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Steel Magnolia Moms

The race that wasn’t – and will be

Michelle Casas Groogan
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GEARING UP Twelve moms of special needs children are training to run Ragnar Del Sol, a relay race from Wickenburg to Mesa, Jan. 31-Feb. 1. Back row, from left: Nikki Thomason, Dahlia Brown, Kelly Scoggins, Dawn Kemp, Shana Halvorsen. Front row, from left: Liz Maberry, Shannon Essex, Marla Grace, Elizabeth Elder, Evelyn Nordin, Laura Ryan and Kate Peden.

Veteran runners understand what it takes to properly prepare for a serious race: discipline, discomfort, stamina building, carbo-loading. It is a degree of commitment that discourages most casual joggers and certainly those who rarely run at all – which brings us to the extraordinary pledge of a dozen Houston women, both runners and rookies, to collectively tackle one of the toughest relay races in the running world. 

Inspired by each other and fueled by grit and grace, 12 women – all moms – dedicated themselves to running a Ragnar Relay, a series of long-distance races across the country. This race was 200 miles from San Francisco to Napa Valley, with each team member running three legs with differing degrees of difficulty. It would be a total of 36 hours of grueling, perpetual motion, with a shared goal of crossing the finish line for the benefit of everyone, sore of foot, but full of heart. The name they go by seems entirely fitting, “Steel Magnolias.”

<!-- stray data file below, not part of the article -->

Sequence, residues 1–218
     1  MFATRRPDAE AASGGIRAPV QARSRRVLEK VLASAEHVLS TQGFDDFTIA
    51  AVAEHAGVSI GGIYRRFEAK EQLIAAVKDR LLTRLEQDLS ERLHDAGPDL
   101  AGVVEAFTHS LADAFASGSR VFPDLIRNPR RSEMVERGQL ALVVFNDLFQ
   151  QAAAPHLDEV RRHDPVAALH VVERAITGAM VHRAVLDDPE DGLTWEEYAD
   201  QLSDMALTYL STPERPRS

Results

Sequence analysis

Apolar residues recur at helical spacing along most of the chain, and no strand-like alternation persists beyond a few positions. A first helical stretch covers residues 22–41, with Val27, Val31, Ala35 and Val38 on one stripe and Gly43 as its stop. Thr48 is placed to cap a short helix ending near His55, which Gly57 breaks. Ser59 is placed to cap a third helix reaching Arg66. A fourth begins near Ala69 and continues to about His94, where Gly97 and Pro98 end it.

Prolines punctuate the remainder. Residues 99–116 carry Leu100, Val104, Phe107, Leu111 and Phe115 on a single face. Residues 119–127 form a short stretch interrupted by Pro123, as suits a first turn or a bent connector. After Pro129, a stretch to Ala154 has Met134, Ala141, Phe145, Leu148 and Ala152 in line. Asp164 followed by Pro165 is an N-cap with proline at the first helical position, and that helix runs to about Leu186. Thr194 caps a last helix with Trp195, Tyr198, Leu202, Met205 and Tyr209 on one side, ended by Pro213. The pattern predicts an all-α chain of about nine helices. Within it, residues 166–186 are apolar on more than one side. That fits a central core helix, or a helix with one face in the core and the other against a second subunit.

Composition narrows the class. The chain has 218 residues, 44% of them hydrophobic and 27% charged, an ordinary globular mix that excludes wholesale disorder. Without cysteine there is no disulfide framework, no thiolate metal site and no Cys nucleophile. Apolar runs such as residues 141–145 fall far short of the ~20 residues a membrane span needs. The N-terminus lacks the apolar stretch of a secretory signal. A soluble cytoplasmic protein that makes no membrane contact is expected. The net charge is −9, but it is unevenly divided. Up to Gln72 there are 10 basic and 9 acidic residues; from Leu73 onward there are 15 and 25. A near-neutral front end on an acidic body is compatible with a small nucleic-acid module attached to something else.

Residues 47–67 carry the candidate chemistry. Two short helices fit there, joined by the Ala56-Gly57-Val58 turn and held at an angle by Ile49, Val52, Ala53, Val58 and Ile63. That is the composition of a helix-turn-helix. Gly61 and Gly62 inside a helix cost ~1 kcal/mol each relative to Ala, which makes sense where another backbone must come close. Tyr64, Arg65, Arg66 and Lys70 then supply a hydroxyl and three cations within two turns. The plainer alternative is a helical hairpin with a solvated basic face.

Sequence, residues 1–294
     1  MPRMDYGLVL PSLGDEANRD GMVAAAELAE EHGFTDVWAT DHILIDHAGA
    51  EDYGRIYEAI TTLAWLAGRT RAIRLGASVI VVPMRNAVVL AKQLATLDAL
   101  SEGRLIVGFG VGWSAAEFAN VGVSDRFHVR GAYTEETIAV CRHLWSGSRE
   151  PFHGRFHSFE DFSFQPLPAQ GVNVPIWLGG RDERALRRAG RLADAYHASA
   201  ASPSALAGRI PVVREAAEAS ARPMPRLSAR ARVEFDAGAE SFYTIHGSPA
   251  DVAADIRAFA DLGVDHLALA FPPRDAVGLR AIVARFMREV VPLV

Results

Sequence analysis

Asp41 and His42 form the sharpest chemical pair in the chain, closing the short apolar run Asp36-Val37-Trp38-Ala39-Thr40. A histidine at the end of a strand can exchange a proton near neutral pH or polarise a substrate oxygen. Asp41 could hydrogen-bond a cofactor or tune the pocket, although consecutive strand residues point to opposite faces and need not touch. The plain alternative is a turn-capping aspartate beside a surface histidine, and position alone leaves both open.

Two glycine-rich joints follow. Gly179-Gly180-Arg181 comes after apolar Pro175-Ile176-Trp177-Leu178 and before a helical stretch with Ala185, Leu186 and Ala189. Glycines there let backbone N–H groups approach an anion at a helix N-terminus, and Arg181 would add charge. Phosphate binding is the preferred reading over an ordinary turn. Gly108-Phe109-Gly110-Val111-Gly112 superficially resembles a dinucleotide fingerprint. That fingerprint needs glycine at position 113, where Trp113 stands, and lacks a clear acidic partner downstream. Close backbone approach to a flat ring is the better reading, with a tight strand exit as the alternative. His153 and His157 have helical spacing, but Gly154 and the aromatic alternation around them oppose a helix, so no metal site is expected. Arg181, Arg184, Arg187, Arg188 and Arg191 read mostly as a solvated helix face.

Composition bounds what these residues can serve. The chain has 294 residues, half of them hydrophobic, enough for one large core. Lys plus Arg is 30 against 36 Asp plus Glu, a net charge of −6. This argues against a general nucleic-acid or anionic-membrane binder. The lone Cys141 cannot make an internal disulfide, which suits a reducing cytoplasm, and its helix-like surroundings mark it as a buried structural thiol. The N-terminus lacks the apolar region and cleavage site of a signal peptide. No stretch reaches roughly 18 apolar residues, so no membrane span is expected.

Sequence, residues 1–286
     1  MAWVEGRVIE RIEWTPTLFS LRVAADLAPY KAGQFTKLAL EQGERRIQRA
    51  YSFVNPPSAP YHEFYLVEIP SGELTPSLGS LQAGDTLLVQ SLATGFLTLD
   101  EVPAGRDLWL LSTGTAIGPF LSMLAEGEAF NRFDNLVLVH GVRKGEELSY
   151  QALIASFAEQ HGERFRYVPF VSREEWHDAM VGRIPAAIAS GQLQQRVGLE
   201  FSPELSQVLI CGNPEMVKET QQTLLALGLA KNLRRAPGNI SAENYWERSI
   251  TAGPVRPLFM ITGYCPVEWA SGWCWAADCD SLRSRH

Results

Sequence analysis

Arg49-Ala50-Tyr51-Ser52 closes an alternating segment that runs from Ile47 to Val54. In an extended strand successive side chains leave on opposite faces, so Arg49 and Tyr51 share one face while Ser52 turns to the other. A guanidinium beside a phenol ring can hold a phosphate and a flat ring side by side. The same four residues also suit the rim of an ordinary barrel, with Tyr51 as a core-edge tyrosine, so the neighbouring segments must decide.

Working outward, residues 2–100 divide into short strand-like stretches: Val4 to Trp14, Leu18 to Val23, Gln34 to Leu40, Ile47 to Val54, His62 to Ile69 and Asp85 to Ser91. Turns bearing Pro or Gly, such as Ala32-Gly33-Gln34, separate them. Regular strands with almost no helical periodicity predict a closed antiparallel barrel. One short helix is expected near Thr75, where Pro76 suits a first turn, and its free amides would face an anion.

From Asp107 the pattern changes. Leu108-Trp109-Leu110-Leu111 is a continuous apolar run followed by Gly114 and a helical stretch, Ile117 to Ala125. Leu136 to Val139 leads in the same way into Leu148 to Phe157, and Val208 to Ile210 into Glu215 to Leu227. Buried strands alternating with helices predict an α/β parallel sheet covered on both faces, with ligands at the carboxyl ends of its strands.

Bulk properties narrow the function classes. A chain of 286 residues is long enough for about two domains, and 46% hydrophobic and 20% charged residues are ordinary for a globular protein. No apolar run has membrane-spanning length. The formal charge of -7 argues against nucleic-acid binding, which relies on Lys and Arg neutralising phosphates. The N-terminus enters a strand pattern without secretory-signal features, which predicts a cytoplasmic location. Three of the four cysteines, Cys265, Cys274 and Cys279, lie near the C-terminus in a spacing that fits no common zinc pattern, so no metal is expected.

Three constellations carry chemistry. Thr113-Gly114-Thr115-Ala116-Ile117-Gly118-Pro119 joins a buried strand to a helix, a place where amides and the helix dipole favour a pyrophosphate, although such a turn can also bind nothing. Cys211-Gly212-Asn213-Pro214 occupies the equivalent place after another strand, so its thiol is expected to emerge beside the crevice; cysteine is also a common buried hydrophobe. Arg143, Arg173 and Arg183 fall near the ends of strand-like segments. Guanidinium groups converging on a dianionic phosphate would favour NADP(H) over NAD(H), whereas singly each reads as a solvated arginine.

Steel Magnolia Moms is one of the largest support groups in Houston for moms who share in the joys and challenges of raising a child with special needs. Their children represent more than 66 different syndromes or diagnoses in areas of cognitive, social, physical and emotional differences. Their goal simply stated on their homepage: “We are all on a rocky road with the most beautiful, gorgeous views. Let’s do it together.” 

Elizabeth Elder of Memorial founded the group in 2016, first starting up a Facebook group and later forming the nonprofit organization. Her inspiration came after posting on social media and being touched by the support of other moms going through similar challenges. Today the group is 610 strong with chapters in Houston and Austin. It positively supports moms by providing wellness workshops, retreats, socials and educational seminars to promote their own health and happiness.

“Literally that’s what this run was about; we are all on an unknown, winding, rocky road with beautiful views. It was symbolic for Steel Magnolia Moms, and it was symbolic for our own journeys,” said Elizabeth, who works part time in marketing and sales and is mom to three children, Annabelle, 9, Blair, 8, and Clark, 2. The two oldest have Leigh syndrome, a rare genetic mitochondrial disease that affects their ability to generate energy. Annabelle and Blair use wheelchairs to get around and can’t stand or walk without assistance.

Running is not new for Elizabeth and a couple of the other team members, but most everyone else in this group was a rookie. The commitment involved getting up before dark every Saturday morning for five months and meeting with a trainer from a running group, InFlight Running. On Friday nights, they ran in Hershey Park in Memorial because an important part of running a relay is learning to run on tired legs. Their stick-to-it-iveness comes from the all-consuming job of being a special needs mom.